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Light energy, just like time, is relative?

  1. Feb 19, 2013 #1
    Gravity and speed through space has an effect on time.

    Increased gravity = slower time
    Increased speed = slower time

    When we look out at the stars and measure their spectrum, we see a red shift. This red shift is the result of the increase in the distance between the source of the light and us, otherwise known as the expanding of space.

    So if we were to fly towards a star, as we increase our speed, the light should shift more and more. Eventually it would pass down through the spectrum to gamma rays, and our space shuttle would be torn apart by the immensly high energy gamma rays.

    So the speed of light remains constant, but as you increase your speed towards the source of the light, your perception of time is slowed and the energy of the light shifts.

    Anything wrong with this?
     
  2. jcsd
  3. Feb 19, 2013 #2

    PeterDonis

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    This is not incorrect, but it is relative; when you say someone's time is slower, you have to specify what it is slower relative to. No one perceives their own time to be slower; everyone experiences their own time flowing at the same rate.

    That's one way of looking at it--the light gets stretched out as it travels through expanding space. But it's not the only way of looking at it; another is that it's just a Doppler redshift, caused by the fact that the source of the light is moving away from us--it's due to relative velocity, not light stretching out. These are not incompatible explanations; they're just different ways of looking at the same process.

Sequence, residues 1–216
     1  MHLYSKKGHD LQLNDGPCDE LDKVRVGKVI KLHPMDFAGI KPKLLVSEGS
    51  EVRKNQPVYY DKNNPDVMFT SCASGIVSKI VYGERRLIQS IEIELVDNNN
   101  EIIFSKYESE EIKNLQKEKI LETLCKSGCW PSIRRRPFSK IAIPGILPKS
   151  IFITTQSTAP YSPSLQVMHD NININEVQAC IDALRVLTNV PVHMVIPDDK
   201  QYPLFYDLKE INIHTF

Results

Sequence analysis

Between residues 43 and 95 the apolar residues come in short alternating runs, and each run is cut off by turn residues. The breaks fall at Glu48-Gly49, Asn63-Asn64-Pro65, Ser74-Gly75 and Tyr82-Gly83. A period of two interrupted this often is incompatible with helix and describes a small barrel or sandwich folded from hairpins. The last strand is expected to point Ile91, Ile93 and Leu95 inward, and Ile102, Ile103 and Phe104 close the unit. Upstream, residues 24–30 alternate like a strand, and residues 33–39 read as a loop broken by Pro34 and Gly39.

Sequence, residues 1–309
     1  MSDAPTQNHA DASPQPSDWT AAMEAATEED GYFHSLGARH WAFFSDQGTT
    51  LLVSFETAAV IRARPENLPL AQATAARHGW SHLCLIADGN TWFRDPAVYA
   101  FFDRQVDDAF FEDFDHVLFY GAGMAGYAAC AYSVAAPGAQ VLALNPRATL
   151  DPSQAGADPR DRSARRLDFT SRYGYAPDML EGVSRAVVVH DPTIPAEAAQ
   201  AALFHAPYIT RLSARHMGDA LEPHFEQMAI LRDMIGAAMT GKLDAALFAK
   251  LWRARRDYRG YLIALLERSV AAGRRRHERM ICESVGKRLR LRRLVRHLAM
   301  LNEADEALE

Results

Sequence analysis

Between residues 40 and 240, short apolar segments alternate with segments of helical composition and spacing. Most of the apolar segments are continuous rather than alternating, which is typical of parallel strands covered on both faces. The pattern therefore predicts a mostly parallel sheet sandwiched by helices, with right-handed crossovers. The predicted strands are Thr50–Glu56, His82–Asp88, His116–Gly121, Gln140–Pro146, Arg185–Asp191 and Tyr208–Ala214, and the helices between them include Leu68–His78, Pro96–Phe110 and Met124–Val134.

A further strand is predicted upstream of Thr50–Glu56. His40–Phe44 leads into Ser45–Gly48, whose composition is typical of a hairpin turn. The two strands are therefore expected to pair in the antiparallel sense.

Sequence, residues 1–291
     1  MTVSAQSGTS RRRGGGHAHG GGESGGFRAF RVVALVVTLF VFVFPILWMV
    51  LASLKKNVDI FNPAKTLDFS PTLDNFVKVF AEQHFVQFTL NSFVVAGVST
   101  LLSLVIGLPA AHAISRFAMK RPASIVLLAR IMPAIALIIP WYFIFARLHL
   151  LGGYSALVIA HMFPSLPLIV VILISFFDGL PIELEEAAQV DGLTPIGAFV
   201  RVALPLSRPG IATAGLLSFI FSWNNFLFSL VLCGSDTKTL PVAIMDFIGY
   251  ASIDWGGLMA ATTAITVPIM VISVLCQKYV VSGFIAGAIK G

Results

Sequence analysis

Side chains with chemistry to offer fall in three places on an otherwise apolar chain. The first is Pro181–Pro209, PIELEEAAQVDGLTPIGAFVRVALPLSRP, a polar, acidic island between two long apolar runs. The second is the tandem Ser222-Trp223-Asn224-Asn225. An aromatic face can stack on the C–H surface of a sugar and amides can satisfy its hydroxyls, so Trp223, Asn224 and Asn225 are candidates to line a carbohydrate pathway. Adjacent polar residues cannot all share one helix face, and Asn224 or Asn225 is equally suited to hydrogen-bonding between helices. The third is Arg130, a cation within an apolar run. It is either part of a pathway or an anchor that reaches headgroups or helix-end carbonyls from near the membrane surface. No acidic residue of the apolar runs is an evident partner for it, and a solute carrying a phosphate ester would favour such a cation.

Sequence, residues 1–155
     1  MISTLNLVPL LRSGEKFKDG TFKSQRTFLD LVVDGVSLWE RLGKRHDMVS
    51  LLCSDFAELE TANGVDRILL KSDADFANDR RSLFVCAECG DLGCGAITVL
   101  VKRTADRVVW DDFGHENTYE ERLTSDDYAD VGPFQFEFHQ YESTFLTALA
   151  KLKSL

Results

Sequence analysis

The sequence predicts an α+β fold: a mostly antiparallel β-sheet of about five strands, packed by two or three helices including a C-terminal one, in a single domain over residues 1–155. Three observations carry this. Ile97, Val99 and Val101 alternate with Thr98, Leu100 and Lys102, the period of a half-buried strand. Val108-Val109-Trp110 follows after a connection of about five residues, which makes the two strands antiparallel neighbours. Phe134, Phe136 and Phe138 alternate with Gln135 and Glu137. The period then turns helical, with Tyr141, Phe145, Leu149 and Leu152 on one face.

Ned Wright's cosmology tutorial has a good discussion of this:

    http://www.astro.ucla.edu/~wright/cosmo_02.htm

    Yes, this is true, because the Doppler blueshift in frequency (blueshift because you're now moving towards the light source, rather than away) corresponds to a shift in energy, since energy is just Planck's constant divided by frequency.

    Yes.

    No; see above. Another observer moving relative to you might say that your time is slowed, but you yourself perceive no difference in your own flow of time.

    Yes.
     
  4. Feb 20, 2013 #3
    Thanks for clarification. Also, I never meant to imply that we perceive a change in time, it is relative to someone else.
     
  5. Feb 27, 2013 #4

    BruceW

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    also, energy in all its forms is relative (whether it is contained in the electric field, or some other way). google four-momentum, or also, the stress-energy tensor.
     
  6. Feb 28, 2013 #5

    Saw

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    Hi Peter. Surely you mean Planck's constant *times" frequency.
     
  7. Feb 28, 2013 #6

    PeterDonis

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    Yes, you're right. :redface:
     
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